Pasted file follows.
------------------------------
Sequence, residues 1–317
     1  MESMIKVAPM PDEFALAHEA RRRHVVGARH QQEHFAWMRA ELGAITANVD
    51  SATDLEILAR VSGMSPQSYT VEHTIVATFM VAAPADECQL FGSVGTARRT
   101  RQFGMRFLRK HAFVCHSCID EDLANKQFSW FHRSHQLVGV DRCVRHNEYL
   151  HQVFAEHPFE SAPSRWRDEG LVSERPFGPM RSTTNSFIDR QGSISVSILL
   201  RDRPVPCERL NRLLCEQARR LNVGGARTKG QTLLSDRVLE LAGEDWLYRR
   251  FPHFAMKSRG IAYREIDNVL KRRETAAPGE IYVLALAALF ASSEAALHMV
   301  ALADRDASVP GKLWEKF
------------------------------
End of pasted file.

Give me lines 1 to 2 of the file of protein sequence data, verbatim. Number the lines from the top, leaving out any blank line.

Sequence, residues 1–317
     1  MESMIKVAPM PDEFALAHEA RRRHVVGARH QQEHFAWMRA ELGAITANVD